I am feeling a little blue the past couple of days. There is no specific cause. Indeed, I would describe the feeling as being mostly a sense impression. I know that I have felt the blues at times in my life, yet, fortunately, by nature I am a happy-go-lucky sort of guy. Thus, I always assume that tomorrow will feel like a better day.
I spent overnight at a major hospital complex undergoing a long-scheduled medical evaluation. Nothing serious. Just following up, really, on something that I had initiated a couple of months back regarding an 8-year-old old diagnosis of sleep apnea that needs updating. I was scheduled to arrive around dusk. I parked my vehicle in the hospital complex’s visitor garage then walked two or three blocks to the clinic where the evaluation was to occur. Almost needless to say, the outside entrance to the place was dark and locked. A small sign on the lobby door directed after hours patients to proceed to a different building within the medical complex.
I came to the evaluation wearing only a light jacket, sweatpants, a sweatshirt, woolen socks, and my house slippers. I carried a small overnight bag with a few items in it. I was not expecting a marathon walk, but soon enough realized that I would have to backtrack past the visitor’s garage to the main hospital building, located a block past the garage in the opposite direction. There, I was directed by a security officer to the security desk, where another guard asked for my credentials, carefully looked me up and down, then chuckled when he noticed I was wearing my house slippers. He told me it was a long walk through the hospital to get back to the clinic, then politely directed me to an elevator to one of the upper floors. I wearily retraced my path through the maze of tunnels, hallways, and connected buildings leading back to the clinic, finally arriving there about 20 minutes past my scheduled start time due to this unexpected walking tour of the hospital complex.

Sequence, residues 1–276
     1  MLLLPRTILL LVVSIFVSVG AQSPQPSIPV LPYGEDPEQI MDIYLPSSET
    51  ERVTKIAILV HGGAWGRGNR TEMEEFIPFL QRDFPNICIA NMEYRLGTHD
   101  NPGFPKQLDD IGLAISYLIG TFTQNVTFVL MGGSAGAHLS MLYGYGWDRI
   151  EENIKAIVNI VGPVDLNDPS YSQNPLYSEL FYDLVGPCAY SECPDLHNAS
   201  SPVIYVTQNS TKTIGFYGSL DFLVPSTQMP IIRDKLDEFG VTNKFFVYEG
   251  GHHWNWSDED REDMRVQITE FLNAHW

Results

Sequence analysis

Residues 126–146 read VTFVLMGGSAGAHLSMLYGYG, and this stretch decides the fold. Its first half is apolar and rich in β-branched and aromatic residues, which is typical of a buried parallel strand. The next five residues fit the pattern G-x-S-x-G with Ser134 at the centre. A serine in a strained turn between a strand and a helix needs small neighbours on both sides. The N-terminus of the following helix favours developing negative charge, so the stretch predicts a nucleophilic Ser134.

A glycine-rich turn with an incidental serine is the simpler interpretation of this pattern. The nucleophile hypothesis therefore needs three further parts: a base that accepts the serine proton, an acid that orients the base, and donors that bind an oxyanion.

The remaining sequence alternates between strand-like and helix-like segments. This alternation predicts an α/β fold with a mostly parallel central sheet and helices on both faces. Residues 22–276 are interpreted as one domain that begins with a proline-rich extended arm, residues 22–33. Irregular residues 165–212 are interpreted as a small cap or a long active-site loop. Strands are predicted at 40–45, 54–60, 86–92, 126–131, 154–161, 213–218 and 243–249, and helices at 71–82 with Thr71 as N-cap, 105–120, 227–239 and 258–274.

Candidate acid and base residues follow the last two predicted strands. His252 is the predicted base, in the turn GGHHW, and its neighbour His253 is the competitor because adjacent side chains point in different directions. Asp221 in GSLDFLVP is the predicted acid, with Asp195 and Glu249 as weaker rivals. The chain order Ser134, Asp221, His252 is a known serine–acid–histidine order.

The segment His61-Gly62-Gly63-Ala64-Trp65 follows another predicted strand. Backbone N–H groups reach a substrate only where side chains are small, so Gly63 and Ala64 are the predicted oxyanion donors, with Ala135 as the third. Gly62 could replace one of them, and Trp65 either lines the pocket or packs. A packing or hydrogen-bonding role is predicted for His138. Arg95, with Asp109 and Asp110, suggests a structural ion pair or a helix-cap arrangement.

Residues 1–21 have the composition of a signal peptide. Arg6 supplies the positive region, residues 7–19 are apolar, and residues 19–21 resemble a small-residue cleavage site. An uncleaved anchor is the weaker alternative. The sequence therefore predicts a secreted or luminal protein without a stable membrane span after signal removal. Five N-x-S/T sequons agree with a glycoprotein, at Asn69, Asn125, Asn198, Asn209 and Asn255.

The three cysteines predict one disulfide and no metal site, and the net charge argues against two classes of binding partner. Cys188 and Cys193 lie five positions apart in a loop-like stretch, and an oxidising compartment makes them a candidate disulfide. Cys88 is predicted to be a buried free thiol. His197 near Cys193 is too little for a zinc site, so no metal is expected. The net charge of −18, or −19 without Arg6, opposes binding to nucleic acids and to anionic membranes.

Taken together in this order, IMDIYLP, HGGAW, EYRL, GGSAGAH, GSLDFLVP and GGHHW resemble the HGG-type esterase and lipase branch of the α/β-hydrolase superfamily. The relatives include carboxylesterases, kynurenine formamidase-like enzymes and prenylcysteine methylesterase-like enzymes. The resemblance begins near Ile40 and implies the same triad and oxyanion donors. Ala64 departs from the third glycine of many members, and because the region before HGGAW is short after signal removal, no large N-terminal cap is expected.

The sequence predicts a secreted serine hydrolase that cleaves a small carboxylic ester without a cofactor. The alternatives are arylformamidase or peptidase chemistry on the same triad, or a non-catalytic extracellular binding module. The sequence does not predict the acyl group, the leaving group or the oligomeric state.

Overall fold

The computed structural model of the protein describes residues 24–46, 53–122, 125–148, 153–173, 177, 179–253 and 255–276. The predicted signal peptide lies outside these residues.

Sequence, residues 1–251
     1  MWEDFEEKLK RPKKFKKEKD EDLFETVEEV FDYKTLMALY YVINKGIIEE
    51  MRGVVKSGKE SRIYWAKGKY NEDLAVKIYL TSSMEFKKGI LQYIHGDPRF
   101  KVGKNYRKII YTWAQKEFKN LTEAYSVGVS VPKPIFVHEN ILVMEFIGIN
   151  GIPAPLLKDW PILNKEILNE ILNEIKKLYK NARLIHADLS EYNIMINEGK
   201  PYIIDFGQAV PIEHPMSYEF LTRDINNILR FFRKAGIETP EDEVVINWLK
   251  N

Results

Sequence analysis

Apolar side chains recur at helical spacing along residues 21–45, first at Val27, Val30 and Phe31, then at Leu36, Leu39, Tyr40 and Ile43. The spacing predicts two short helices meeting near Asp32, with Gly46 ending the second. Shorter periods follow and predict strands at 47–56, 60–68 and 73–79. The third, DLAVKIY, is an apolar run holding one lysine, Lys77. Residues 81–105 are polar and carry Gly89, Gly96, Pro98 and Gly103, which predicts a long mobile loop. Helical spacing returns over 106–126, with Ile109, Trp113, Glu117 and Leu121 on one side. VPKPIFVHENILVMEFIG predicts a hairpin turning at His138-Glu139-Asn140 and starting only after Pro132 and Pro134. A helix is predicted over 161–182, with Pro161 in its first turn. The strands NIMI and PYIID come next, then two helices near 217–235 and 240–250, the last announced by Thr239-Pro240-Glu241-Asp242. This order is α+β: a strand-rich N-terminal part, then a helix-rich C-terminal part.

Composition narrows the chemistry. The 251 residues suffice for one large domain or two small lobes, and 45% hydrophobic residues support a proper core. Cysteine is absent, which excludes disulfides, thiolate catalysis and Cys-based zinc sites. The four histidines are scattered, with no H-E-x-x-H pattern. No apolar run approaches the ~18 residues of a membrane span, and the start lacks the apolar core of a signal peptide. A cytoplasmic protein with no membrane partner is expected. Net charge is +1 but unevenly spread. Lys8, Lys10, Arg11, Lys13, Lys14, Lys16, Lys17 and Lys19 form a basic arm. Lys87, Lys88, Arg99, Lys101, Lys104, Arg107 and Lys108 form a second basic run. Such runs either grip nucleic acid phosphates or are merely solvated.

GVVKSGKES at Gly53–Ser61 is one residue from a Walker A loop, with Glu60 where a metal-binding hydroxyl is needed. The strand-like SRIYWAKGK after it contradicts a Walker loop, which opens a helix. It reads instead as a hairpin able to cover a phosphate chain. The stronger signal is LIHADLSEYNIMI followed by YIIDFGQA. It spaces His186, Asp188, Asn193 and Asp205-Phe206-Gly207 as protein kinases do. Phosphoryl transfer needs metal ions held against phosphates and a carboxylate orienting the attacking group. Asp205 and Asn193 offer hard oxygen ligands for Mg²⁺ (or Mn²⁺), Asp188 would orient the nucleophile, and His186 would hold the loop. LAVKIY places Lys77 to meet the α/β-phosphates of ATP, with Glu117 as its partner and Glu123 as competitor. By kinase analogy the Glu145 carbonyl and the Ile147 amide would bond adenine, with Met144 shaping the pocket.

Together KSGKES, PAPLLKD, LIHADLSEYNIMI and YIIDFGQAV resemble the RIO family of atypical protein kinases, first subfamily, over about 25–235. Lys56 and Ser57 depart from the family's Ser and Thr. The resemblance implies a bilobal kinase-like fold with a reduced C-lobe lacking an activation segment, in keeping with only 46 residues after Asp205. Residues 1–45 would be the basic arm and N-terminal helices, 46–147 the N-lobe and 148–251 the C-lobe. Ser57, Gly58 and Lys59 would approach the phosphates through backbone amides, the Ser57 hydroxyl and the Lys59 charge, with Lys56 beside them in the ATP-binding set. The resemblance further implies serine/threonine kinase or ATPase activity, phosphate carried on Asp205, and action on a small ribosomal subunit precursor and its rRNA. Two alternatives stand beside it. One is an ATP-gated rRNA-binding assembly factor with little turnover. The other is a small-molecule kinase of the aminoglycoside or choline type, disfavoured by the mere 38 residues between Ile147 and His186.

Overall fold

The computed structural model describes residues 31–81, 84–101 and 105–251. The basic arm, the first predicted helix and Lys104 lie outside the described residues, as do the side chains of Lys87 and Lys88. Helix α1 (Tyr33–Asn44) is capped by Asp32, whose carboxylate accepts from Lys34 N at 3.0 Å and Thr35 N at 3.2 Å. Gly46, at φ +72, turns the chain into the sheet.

When my technician stepped out of her station to greet me, she gently scolded that I was late. I snapped back that the clinic should have notified me that an after-hours visitor cannot directly access its building. Obviously, I said, someone at the clinic must be aware of this situation. The clinic should be notifying patients before they show up for their appointments. My mini rant was an ice breaker because she smiled at me for the first time and confirmed that patients make this same complaint all the time. She shrugged, adding that you would think that someone at the clinic by now would have taken steps to correct the oversight. After this, we got along famously for the remainder of my stay.
At 5 a.m. I got tossed, but not before first taking the time to note my complaint in writing as part of the clinic’s discharge procedure. I shook my head, thinking, well, of course the clinic knows about the problem, but, if so, then why not apply the easy fix of giving patients advance notice to proceed to the security desk in the main hospital? For anyone who might be less ambulatory than me, all this extra walking might be problematic. I have little tolerance for medical sloppiness.
One more time I trudged in my house shoes through the partially dark, empty, and twisting hallways back to the visitor’s garage. I imagined that the place smelled like a hospital. I was thinking how miserable it would be if you were entirely on your own inside such a place. In my case, there is not much family. I have no children. Other than for an occasional visiting friend, I would be isolated.